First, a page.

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Parts of New Jersey were pummeled by a massive hail storm on Monday afternoon, leaving it looking as if a June blizzard blew through with inches of dime-sized pellets piling up. Washington Township residents were seen on their driveways breaking out the snow shovels and officials sent out bulldozers to act as snow plows to clear the streets after severe thunderstorms pounded the region. Children were seen forming hailballs.
China correspondent Stephen McDonell and ABC cameraman Rob Hill saw day turn into night as a freak storm swept across the capital Beijing today.
"It was pitch black outside and you could see people looking out from the office towers across the road from us," McDonell said.
"In a couple of the photos you can see a clock in the distance showing it was around 11:30 am local time."
The storms were expected to affect western and northern Xinjiang, most part of Inner Mongolia, north-east China and north China.
Today's extreme weather follows yesterday's hail storms across eastern China's Anhui province, which killed 14 people and injured more than 180, AFP reports.
Anhui's Civil Affairs Bureau said that more than 10,000 people were evacuated and nearly 9,700 houses collapsed in yesterday's severe storm.
Anhui was struck by hail and winds of up to 104 kilometres per hour, causing $82 million worth of damage.
A similar hail storm struck the region in the first week of June, killing 23 people and injuring more than 200.
Officials have warned residents that more dangerous weather could follow.
UNITED NATIONS, June 16 (Reuters) - A global trend towards increasing weather-related disasters was confirmed in 2008, the second deadliest year in the past decade for natural catastrophes, an annual Red Cross report said on Tuesday.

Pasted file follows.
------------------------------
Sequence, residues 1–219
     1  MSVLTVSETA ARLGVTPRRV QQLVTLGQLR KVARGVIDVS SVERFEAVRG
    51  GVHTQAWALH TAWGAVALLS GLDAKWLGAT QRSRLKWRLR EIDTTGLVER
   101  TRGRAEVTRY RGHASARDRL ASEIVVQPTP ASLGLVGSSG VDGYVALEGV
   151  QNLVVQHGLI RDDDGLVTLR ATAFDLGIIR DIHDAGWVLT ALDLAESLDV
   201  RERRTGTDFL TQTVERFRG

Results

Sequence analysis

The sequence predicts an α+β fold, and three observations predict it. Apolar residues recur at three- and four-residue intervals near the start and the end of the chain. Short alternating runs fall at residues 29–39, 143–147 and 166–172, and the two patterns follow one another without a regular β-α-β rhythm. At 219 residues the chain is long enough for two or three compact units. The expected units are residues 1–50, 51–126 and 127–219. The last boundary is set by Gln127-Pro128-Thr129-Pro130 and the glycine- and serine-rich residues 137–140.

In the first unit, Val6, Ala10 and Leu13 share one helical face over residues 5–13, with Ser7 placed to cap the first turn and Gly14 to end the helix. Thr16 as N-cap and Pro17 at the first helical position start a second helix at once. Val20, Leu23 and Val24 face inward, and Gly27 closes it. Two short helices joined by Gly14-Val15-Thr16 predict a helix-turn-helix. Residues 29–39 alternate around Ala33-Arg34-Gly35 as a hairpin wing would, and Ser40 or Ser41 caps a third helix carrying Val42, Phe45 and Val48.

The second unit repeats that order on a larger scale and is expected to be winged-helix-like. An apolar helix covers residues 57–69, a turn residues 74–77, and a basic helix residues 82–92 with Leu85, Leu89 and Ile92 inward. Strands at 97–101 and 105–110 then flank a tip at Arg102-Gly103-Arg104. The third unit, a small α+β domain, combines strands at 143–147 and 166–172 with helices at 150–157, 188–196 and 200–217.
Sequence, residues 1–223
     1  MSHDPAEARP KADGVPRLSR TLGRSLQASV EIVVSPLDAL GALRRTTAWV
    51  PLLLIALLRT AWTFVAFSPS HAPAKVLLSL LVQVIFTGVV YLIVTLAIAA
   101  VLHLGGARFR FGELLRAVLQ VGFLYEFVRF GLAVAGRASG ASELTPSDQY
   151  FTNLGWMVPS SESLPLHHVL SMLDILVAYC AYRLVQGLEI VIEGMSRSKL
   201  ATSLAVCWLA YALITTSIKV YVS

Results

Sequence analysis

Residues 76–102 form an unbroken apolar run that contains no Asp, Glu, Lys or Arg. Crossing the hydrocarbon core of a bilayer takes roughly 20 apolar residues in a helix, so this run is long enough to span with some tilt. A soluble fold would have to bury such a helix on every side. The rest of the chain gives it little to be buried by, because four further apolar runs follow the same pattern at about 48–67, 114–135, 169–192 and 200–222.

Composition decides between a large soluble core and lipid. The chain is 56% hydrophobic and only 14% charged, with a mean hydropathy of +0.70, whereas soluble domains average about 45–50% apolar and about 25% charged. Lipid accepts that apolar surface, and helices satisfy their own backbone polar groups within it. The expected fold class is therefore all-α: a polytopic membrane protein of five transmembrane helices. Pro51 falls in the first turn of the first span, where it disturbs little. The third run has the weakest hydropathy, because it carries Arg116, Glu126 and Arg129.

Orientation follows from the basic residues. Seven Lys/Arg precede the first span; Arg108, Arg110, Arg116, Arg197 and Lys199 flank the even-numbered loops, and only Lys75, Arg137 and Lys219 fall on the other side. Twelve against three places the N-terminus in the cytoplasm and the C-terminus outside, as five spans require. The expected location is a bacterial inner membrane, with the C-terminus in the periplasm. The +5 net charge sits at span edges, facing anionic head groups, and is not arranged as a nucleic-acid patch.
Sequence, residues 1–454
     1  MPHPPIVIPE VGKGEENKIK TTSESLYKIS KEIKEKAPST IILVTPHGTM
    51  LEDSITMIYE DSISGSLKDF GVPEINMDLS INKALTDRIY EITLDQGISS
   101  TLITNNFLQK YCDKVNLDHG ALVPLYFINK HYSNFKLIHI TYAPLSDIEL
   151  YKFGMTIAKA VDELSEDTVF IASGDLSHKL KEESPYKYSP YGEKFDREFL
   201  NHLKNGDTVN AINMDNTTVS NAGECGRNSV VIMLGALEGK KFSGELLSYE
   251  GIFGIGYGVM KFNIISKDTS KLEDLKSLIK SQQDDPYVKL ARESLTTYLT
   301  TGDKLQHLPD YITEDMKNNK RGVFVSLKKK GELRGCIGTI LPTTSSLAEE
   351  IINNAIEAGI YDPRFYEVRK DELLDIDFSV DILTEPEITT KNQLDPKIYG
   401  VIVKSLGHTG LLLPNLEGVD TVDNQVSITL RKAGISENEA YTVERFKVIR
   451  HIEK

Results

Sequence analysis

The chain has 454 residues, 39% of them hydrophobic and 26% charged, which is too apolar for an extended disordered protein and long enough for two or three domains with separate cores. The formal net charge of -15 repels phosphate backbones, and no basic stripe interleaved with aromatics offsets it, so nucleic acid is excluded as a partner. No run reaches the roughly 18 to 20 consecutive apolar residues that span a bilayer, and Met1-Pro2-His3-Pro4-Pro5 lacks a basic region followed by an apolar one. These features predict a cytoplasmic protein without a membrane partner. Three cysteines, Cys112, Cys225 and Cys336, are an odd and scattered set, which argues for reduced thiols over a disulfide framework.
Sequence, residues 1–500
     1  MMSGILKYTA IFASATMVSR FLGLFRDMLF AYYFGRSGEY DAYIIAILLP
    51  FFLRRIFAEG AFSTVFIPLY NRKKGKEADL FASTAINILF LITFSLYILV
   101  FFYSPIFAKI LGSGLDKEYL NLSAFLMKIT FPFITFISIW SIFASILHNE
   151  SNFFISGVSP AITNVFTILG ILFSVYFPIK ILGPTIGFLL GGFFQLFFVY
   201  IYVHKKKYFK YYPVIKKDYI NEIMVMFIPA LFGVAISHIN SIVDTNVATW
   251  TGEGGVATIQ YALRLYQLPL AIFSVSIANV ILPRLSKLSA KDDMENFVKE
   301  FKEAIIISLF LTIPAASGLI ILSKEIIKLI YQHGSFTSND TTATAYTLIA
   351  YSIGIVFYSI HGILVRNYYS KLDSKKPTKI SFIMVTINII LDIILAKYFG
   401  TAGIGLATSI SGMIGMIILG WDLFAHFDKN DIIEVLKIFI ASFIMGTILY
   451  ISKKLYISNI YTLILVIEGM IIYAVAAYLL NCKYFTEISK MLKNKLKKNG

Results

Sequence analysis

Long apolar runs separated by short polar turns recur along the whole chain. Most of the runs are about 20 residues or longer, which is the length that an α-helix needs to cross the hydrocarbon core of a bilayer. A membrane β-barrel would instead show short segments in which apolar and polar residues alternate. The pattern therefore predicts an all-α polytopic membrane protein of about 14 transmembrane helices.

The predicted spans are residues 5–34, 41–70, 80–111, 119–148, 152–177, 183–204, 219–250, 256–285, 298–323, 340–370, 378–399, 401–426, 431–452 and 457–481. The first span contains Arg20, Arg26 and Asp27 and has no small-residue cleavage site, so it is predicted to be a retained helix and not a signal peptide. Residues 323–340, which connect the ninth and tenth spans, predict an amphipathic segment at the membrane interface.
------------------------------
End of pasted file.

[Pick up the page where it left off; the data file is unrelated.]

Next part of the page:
The number of people reported killed by natural disasters last year -- a total of 235,736 -- was surpassed only in 2004, the year of the Indian Ocean tsunami, said the International Federation of Red Cross and Red Crescent Societies (IFRC).
The 2008 toll was accounted for mainly by two events in Asia -- Cyclone Nargis, which left over 138,000 people dead or missing in Myanmar, and the Sichuan earthquake, which killed more than 87,000 people in China.
Damage from natural disasters cost more than $181 billion last year, according to the report.
More than three quarters of the disasters struck developing countries, which suffered 99 percent of the deaths, Maarten van Aalst, an author of the report, told a news conference.
"In the 1990s, we saw an average of about 200 natural weather-related disasters per year. In the past decade that's been on average about 350. Last year we had 297, which is ... still well above what we've been used to in the past."
Some experts have blamed the perceived rise in freak weather events on climate change caused by pollution. It is a controversial subject ahead of a conference in Copenhagen in December that is meant to impose tougher targets for greenhouse gas emissions.
"It is now highly likely that that extreme-weather events -- floods, droughts and storms -- will become more frequent and more severe. And we cannot say we have not been warned," IFRC Secretary General Bekele Geleta said in a commentary.
"The disasters which climate change will trigger potentially threaten more lives and livelihoods than any before," Geleta said, adding that the world's response to the warning had so far been "piecemeal."
Originally posted by DaddyBare
What was strange is it was hot rain... warmer then the air temp... kind of like very warm bath water... now I'm and old guy who's been around a lot of years visited many different places in the world and I don't ever remember hot rain before...
Even as the sun went down it just got hotter... Now I know this is a little thing to be sure... but it just had a wrongness to it....
I'm afraid that most of the phenomena you refer to have little or no relation to the solar wind or the Sun..